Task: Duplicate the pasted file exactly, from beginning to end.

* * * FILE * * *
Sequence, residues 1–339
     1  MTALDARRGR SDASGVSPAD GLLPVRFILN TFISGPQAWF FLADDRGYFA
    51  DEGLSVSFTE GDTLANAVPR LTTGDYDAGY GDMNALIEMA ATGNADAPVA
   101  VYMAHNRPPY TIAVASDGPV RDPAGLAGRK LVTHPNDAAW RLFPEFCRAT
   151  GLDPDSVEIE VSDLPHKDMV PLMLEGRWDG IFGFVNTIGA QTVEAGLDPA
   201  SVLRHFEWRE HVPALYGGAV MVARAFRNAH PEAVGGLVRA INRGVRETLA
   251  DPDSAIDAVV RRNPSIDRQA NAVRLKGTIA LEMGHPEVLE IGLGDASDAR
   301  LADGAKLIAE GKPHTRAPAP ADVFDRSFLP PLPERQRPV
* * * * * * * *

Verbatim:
Sequence, residues 1–339
     1  MTALDARRGR SDASGVSPAD GLLPVRFILN TFISGPQAWF FLADDRGYFA
    51  DEGLSVSFTE GDTLANAVPR LTTGDYDAGY GDMNALIEMA ATGNADAPVA
   101  VYMAHNRPPY TIAVASDGPV RDPAGLAGRK LVTHPNDAAW RLFPEFCRAT
   151  GLDPDSVEIE VSDLPHKDMV PLMLEGRWDG IFGFVNTIGA QTVEAGLDPA
   201  SVLRHFEWRE HVPALYGGAV MVARAFRNAH PEAVGGLVRA INRGVRETLA
   251  DPDSAIDAVV RRNPSIDRQA NAVRLKGTIA LEMGHPEVLE IGLGDASDAR
   301  LADGAKLIAE GKPHTRAPAP ADVFDRSFLP PLPERQRPV